Archive for the ‘Uncategorized’ Category
Earlier this week we reported on the latest retraction of an article by Naoki Mori, number 21 in a series. We could have waited a few days and saved ourselves some trouble.
The journal Leukemia Research has retracted a 2006 paper by Mori, titled “Curcumin suppresses constitutive activation of AP-1 by downregulation of JunD protein in HTLV-1-infected T-cell lines.” From the notice, which is behind a paywall: Read the rest of this entry »
In a quote that has become part of medical school orientations everywhere, David Sackett, often referred to as the “father of evidence-based medicine,” once famously said:
Half of what you’ll learn in medical school will be shown to be either dead wrong or out of date within five years of your graduation; the trouble is that nobody can tell you which half–so the most important thing to learn is how to learn on your own.
Sackett, we are fairly sure, was making an intentionally wild estimate when he said “half.” [See note about these strikethroughs at bottom of post.]
But aA fascinating study out today in the Archives of Internal Medicine gives a clue as to the real figure suggests that he may have been closer than any of us imagined. Read the rest of this entry »
Unprecedented? Journal yanks transcendental meditation paper 12 minutes before it’s scheduled to publish
There’s a highly unusual situation brewing at the Archives of Internal Medicine. At 3:48 Eastern time on Monday, 12 minutes before the embargo lifted on the June 28 issue of the Archives of Internal Medicine, the following message went out from its press office:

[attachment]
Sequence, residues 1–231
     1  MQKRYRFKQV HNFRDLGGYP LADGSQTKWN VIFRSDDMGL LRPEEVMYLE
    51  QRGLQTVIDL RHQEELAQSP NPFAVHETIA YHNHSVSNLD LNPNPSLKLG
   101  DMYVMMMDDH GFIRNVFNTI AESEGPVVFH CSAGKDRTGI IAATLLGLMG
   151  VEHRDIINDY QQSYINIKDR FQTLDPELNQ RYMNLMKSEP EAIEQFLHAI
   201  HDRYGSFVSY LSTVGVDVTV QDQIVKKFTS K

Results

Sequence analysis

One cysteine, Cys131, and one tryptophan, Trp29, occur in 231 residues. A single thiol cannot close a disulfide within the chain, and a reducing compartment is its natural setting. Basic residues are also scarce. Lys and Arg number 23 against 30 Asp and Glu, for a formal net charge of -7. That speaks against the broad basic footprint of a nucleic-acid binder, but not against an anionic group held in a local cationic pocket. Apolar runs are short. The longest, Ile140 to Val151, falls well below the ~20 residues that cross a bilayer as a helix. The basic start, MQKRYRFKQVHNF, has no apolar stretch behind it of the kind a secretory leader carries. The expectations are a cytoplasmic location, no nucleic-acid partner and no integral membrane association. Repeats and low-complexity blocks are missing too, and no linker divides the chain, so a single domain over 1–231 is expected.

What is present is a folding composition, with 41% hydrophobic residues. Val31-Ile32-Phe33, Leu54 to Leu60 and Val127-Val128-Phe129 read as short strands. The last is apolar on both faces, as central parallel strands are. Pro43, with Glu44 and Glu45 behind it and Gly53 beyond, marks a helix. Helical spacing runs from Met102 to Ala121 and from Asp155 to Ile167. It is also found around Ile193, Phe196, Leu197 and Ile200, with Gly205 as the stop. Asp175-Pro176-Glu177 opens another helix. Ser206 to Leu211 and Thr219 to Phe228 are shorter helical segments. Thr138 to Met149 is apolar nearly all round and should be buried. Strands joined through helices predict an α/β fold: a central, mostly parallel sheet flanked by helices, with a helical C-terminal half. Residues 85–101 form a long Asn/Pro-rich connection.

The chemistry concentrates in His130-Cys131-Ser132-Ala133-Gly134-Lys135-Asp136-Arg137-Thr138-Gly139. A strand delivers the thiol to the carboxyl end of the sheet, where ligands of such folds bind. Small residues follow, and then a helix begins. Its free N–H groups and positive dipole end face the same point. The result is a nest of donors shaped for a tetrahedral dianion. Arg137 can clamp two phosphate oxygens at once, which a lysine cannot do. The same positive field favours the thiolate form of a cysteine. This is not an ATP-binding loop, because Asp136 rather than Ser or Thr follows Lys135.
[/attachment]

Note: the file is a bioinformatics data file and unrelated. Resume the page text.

The editorial office of the Archives of Internal Medicine has made the decision not to publish, “Stress Reduction in the Secondary Prevention of Cardiovascular Disease: A Randomized Controlled Trial of Transcendental Meditation and Health Education in African Americans,” by Schneider et al, and the accompanying Commentary by Mehta and Bairey Merz that was to post Online First at 3 PM central time today.
The decision is to allow time for review and statistical analysis of additional data not included in the original paper that the authors provided less than 24 hours before posting. We apologize for the short notice, but hope you will understand and not run your stories on this study today.
We asked Archives of Internal Medicine editor Rita Redberg when the paper might be published: Read the rest of this entry »
Sometime in 2009, the University of Nottingham’s Uwe Vinkemeier thought something was wrong with two papers he read in Genes & Development, one from 2006 and one from 2009. The papers claimed to show how changes to a protein called STAT1 affect programmed cell death. So he did what scientists are supposed to do: He tried to repeat the experiments, to replicate the results.
So he submitted the results to G&D, which was initially willing to publish the data along with a rebuttal by the original authors. But everyone seemed to be dragging their feet. Read the rest of this entry »
Idea retraction: Did Picasso suffer migraines? Do ‘guitar nipple,’ ‘cello scrotum’ exist? Ask pigeons
Cephalalgia published a lovely piece online this month. The abstract is a refreshing bit of honesty:
It is widely believed that Pablo Picasso suffered from migraine. The main cause for this is our suggestion made 10 years ago that some of Picasso’s paintings resemble migraine auras. Here we critically look back at our own hypothesis. We conclude that, although the idea is still fascinating, there is no proof of Picasso suffering from migraine with aura.
In other words, say authors Michel Ferrari and Joost Haan: Go ahead, blame us for this important clinical finding, which we first described in an editorial in Cephalalgia in 2000. We’re retracting the idea, but not before we have some fun with it.
So we figured we’d do the same.
The authors describe a number of famous cases of historical diagnoses such as Hildegard of Bingen, an abbess and mystic of the 12th century whose work has led some to suggest she was a migraneur. It’s difficult to confirm such diagnoses, of course, and the authors draw a parallel to other pronouncements by doctors: Read the rest of this entry »